After what happened here in Ottawa, Canada’s capital, with the senseless killing of Nathan Cirillo on Parliament Hill.

Or in addition and by expansion, with ISIS and in the middle East.

The admissions of the CIA and their torture tactics revealed.

Whether it’s the growing racism in countries in Europe, all these years after such blemishes on our world as the Nazi regime’s atrocities.

Racism. Terrorism. Sexism. I don’t care. I want it all to stop!

Discrimination of Native people in my own country in the past and still now in the present.

, the helplessness and uselessness I feel living still as a woman with a disability in the 21st century.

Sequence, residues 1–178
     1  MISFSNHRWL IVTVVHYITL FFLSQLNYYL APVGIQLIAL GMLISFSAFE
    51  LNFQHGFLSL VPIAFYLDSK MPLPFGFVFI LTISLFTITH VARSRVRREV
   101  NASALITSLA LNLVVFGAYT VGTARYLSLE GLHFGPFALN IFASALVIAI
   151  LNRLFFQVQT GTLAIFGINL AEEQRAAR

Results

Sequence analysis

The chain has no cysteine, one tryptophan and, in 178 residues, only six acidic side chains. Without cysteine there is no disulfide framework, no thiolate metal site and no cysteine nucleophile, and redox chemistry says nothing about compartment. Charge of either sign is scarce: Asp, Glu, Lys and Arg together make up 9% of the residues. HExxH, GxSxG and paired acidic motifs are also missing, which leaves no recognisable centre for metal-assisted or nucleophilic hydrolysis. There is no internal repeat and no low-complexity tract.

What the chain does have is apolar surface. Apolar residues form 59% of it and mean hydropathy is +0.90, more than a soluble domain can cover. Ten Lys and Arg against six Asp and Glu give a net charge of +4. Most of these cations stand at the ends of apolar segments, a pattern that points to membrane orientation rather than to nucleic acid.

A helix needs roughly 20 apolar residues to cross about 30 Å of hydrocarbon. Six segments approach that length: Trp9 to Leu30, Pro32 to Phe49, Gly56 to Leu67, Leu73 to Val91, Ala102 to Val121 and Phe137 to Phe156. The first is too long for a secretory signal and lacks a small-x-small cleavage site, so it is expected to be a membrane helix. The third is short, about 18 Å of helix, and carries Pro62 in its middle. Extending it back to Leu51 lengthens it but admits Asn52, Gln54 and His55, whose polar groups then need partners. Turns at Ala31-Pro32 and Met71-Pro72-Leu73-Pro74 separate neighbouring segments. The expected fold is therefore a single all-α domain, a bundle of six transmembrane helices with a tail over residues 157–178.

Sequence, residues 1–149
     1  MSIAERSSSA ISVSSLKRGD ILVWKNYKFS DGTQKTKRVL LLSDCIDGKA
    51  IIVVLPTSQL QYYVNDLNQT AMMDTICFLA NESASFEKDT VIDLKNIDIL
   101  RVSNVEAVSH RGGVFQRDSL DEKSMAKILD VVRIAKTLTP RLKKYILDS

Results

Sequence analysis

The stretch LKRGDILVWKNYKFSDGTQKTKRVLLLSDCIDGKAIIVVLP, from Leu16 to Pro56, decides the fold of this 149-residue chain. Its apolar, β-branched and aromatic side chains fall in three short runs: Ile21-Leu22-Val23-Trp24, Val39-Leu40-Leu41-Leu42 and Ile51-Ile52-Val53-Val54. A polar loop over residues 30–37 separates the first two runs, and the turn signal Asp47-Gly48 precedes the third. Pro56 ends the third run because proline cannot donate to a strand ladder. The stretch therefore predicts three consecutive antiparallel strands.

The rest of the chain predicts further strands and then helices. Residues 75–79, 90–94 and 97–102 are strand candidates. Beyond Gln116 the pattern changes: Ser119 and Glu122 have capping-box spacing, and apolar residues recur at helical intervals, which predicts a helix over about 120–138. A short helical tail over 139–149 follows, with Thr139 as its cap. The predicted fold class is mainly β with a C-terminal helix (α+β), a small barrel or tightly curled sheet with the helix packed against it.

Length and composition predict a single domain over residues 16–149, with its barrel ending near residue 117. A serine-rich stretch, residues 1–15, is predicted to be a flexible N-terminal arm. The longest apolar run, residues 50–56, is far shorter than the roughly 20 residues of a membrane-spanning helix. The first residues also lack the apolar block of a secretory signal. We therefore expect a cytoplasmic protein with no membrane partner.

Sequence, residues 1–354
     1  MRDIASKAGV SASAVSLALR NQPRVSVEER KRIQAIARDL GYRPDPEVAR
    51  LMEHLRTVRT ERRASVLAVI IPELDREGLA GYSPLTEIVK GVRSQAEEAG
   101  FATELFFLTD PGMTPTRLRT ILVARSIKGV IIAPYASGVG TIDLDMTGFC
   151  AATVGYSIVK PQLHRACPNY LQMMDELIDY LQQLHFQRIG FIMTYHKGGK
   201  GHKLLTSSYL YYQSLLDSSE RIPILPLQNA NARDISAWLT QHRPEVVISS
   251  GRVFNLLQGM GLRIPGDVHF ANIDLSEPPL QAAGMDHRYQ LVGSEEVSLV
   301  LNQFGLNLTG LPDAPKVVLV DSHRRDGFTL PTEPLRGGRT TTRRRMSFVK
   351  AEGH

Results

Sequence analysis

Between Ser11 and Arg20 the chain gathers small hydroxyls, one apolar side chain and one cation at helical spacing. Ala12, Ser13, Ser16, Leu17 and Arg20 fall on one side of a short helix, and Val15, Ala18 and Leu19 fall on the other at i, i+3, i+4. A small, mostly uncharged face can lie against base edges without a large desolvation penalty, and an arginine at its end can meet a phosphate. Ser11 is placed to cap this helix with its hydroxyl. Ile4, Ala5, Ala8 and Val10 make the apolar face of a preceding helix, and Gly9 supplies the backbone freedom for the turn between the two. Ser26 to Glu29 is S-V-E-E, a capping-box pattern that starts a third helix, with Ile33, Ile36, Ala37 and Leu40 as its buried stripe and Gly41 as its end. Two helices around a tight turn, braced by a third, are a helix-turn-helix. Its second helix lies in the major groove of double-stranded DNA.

Or all of the above.

I want more for us all. Much much more than the status quo.

“Nothing comes from violence and nothing ever could.”

I repeat this line from the start of this post because I can’t help tearing up when I think of it or hear it sung and my heart hurts so much, which leads me to write this now, as it’s all I have to do to even attempt to quell the hurt I feel.

I hear variations of the above stories I speak of, on the news every night, and I want to reach out and shut off my television, not wanting to hear any more.

I feel like I must fight for my rights and I know others are fighting more desperately for theirs.

It’s on days like this when I am just so so sick and tired of fighting.

Be kind to one another. Please!

As tough as a large portion of our world thinks they are and tries to portray themselves to be to the rest of us, I know the title of this song to be true.

Fragile. That’s all we really are.